Lets presume that a
g) is available, and the idea is to convert this into a
plotly object (
p), which offers enhanced interactivity of plots.
However, the subtitle and captions defined in the said
ggplot object do not get translated into
plotly. This is a feature enhancement that has been raised in November 2016 on Github. Another reference issue in the plotly libraries on Github is also worth a quick look, because it seems to indicate that there is no subtitle function in the plotly library itself.
One workaround is described below. This basically defines the title, subtitle and captions as a plotly object (instead of ggplot). Though inconvenient, a tad inelegant (compared to ggplot syntax) and with syntax that is a little confusing – nevertheless, it is a solution.
## Note the structure of the arguments. THere are multiple 'titles' :)). Note the HTML tags in < >. Only select tags are supported. p <- g %>% ggplotly(tooltip = "all") %>% layout(title = "This is the title <br> <sup> Subtitle using the superscript tag </sup>", xaxis=list(title = 'Caption line 1 <br> Caption line 2'), margin = list(l = 50, r = 50, t = 40, b = 70)) ## Adjust the margin list to adjust the position of the caption. the arguments appears to transalate as the starting points of left, right, top, bottom.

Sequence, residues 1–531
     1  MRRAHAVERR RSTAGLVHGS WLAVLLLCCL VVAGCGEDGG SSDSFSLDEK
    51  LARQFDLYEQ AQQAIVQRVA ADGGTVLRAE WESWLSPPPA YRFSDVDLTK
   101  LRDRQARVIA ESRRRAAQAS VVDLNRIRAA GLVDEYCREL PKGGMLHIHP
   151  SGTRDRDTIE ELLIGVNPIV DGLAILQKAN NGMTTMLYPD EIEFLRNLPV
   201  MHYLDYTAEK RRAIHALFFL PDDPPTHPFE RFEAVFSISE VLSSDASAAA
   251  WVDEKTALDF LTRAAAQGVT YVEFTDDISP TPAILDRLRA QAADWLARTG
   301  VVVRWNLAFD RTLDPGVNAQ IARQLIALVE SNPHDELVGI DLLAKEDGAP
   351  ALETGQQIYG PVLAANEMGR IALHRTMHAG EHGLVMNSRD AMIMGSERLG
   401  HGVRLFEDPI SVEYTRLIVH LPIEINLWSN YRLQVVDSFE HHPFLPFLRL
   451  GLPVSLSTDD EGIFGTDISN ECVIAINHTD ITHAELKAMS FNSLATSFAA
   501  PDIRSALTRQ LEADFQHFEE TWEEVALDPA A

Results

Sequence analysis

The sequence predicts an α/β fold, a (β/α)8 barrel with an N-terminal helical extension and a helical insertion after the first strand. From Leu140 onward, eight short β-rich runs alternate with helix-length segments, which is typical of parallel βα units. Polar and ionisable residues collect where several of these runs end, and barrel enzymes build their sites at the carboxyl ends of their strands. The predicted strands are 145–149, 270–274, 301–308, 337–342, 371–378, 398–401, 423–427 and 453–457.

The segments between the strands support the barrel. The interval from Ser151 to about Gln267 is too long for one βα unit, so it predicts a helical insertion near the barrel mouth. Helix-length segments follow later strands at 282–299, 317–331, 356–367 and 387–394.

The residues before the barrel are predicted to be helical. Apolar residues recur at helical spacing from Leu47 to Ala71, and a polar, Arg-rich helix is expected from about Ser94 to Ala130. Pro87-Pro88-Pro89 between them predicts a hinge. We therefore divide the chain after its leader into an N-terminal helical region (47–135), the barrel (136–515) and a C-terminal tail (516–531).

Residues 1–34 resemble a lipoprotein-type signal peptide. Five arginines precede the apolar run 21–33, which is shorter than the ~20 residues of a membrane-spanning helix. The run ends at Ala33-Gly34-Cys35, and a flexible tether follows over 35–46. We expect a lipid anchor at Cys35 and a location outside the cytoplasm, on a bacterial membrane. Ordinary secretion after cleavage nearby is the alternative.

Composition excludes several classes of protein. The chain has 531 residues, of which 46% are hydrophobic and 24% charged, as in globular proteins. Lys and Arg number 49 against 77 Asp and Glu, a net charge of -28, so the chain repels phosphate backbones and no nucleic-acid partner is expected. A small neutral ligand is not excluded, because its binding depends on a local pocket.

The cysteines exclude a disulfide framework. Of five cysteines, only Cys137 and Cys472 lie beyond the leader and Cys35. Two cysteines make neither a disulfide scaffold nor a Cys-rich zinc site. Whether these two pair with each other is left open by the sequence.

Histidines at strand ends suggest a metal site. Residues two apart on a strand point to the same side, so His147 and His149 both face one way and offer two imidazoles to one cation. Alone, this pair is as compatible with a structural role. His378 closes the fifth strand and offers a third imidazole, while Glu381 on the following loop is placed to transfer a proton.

The query of the subtitles and captions disappearing when translated into plotly came to me attention as a question posted in the Business Science University forum.
It was fun to dig a little deeper and this is certainly worth keeping in mind while using plotly and ggplot.
Specific html tags are allowed in
plotly. For example, the
<sup> (superscript) tag had to be used, instead
[ ]I should think about constructing a snippet for ggplot objects, with all the arguments and formatting fed in. This would be useful to reduce fumbling around, looking for arguments and syntax.